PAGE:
May 22, 2022, 19:54

    ‘Black Doctor Who shouldn’t be an alien concept – Ncuti Hatwa is perfect choice’ – Darren Lewis

    ‘Black Doctor Who shouldn’t be an alien concept – Ncuti Hatwa is perfect choice’ – Darren Lewis

    I have a confession to make. I’ve never seen a full episode of Doctor Who.

    I know. Shoot me.

    I watched bits and was fascinated by the Daleks as a kid, I know all about Tom Baker making the part his own, Peter Davison, David Tennant and all the rest of them.

    I just could never get invested in the character or the show. A bit like Star Wars (but that’s a column for another day).

    The thing is, the announcement of Ncuti (pronounced shoo-tee) Gatwa as the 14th Doctor is a reason to be cheerful.

    Let’s not get caught up in the confected culture wars around this. Those who wish to divide us are describing his hiring as political correctness and box ticking.

    They are banking on you frothing at the mouth over a TV show in which the eponymous hero is a time-travelling alien from the planet Gallifrey.

    Well if the box to be ticked is that of a highly rated, talented actor, likely to draw new fans to the franchise, the BBC have done a good job.

    Over the last 60 years, iconic British TV roles have been tailored to and played largely by just one demographic.

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    Image:
    ITV)

    During the 1970s I remember shouting up the stairs to my brothers and sisters – and them doing likewise – when we’d see anyone who was Black on domestic TV, let alone actors in emblematic roles like Doctor Who. It was just so rare.

    The parts they were handed were often negative – sidekicks or criminals, roles that reinforced harmful stereotypes or allowed more significant characters to use them as the butt of their racist jokes, as in period ‘hits’ Love Thy Neighbour and Till Death Us Do Part.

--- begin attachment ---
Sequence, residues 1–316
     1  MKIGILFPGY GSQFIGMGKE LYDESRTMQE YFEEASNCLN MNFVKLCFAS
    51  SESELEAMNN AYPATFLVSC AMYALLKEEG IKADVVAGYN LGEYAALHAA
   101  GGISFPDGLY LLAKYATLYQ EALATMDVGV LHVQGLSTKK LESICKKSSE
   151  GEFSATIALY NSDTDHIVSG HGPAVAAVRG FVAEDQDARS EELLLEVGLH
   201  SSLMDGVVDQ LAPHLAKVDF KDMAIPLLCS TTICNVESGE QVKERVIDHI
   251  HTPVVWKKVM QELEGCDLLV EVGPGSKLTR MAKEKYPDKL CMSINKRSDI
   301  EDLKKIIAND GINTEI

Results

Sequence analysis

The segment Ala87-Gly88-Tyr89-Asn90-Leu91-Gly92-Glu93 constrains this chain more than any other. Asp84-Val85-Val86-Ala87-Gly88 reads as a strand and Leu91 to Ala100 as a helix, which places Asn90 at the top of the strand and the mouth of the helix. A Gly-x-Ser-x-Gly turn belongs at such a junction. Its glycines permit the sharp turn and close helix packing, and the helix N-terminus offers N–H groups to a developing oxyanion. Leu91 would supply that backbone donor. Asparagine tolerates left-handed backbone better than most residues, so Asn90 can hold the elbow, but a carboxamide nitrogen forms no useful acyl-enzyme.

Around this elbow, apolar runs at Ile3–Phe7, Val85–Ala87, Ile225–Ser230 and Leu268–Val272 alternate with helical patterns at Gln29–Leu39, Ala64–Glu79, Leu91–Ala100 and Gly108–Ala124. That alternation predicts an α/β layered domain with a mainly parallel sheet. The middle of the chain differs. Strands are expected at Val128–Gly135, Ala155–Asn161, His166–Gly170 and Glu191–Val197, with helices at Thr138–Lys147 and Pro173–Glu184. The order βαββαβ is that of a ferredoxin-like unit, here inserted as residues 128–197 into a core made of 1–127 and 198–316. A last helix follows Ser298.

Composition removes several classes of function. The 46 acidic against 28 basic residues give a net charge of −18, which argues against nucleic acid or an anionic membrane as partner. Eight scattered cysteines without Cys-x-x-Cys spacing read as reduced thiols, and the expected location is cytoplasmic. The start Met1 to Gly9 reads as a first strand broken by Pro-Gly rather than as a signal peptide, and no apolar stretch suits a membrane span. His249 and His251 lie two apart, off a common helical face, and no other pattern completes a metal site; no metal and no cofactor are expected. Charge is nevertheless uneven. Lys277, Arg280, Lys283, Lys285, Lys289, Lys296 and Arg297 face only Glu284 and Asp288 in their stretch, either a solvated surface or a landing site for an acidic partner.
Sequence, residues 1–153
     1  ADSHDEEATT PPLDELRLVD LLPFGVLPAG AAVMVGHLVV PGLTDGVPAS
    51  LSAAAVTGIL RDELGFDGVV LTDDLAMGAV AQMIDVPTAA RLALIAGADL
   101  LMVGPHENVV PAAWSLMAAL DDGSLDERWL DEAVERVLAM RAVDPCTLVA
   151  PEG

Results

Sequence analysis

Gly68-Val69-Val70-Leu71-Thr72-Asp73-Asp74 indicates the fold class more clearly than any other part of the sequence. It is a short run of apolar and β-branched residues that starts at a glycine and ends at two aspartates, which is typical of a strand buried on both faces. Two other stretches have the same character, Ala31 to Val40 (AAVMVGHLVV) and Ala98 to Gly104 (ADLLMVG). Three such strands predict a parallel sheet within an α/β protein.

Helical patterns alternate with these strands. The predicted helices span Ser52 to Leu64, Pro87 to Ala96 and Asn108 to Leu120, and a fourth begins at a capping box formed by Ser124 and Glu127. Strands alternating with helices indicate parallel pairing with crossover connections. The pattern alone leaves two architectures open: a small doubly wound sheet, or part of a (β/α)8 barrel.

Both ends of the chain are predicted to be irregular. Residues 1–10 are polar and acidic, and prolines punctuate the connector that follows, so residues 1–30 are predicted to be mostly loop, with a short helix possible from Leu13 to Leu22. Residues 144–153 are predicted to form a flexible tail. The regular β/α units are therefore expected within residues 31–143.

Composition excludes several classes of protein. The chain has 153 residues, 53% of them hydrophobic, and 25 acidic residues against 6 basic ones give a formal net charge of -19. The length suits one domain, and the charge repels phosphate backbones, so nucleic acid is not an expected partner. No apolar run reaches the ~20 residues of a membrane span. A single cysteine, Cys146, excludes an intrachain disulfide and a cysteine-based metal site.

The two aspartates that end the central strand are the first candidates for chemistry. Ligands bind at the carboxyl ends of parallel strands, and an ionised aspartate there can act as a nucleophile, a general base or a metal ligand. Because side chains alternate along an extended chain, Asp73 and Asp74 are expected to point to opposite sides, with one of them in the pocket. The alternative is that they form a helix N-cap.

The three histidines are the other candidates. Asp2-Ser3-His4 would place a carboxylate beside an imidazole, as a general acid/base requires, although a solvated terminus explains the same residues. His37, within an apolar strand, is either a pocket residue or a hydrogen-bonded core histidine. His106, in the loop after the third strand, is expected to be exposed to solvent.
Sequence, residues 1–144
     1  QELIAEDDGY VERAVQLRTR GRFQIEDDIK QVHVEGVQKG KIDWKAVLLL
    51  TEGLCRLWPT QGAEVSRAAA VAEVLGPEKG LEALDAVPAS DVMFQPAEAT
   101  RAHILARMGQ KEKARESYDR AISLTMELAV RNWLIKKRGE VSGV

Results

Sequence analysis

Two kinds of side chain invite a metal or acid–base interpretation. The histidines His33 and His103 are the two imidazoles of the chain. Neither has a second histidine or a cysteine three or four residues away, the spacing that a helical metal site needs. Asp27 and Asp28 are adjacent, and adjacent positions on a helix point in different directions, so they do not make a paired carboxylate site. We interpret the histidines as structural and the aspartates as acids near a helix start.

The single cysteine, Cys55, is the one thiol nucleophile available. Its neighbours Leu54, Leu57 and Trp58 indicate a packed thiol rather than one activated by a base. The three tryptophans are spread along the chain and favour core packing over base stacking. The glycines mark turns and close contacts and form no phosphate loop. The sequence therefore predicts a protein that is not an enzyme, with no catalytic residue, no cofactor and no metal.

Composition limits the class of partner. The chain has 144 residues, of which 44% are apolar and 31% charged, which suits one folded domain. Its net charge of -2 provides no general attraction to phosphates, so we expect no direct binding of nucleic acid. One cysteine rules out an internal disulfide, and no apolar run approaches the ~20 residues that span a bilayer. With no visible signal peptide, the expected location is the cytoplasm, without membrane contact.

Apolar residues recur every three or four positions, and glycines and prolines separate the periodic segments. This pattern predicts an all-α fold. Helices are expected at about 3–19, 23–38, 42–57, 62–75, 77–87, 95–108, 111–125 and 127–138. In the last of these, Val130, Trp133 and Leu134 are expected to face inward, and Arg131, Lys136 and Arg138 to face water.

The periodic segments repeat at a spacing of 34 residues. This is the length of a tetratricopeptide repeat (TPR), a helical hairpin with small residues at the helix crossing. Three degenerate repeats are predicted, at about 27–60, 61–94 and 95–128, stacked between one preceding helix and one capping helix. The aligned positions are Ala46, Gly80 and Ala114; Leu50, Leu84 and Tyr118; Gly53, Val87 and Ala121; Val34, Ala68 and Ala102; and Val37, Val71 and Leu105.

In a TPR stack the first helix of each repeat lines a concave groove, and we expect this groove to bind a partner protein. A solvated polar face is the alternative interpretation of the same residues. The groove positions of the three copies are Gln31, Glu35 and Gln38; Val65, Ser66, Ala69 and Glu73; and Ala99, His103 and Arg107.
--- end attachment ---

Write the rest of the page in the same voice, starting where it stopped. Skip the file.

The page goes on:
Shows with positive roles – like Desmond, The Kumars and The Real McCoy – had to be created for Black and Asian characters on niche channels like BBC2 and Channel 4.

    Things have changed in the last decade or so with some major roles handed to actors who actually reflect the viewing audience.

    Idris Elba has gone on to smash it as Luther, for example. Bend It Like Beckham star Parminder Nagra is doing a fine job as ITV’s DI Ray.

    And yes, it is true to say that, according to Government statistics, just 3% of the UK is Black. But fewer and fewer people overall are watching terrestrial TV.

    Commissioners are well aware, too, that a large number of younger viewers of all demographics have defected to Netflix and Amazon because they just don’t see many of the shows on terrestrial TV as an accurate reflection of the areas they grow up in and the schools they go to.

    For example, Coronation Street, Britain’s longest-running soap, only introduced its first Black family in 2019, after nearly 60 years.

    So Ncuti Gatwa matters. What his appointment represents matters. He also appears to be a blinking good actor. Gillian Anderson, his co-star on the hit show Sex Education, has described him as “a natural on camera”. Quite a few people are of the same opinion.

    So far we have had 13 people play the Doctor in the show that had legacy fans hiding behind their sofa. Just one of them was a woman, Jodie Whittaker.

    The fuss around her died down eventually and she did a fine job. The same will happen for Ncuti and one day we won’t even need to have this kind of conversation.

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    Sourse: mirror.co.uk

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